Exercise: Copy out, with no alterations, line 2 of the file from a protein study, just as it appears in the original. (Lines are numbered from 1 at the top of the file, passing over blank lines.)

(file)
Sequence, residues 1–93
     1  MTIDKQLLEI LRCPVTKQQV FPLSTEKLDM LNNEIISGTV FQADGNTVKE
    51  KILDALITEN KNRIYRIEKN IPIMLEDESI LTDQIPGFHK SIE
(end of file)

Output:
     1  MTIDKQLLEI LRCPVTKQQV FPLSTEKLDM LNNEIISGTV FQADGNTVKE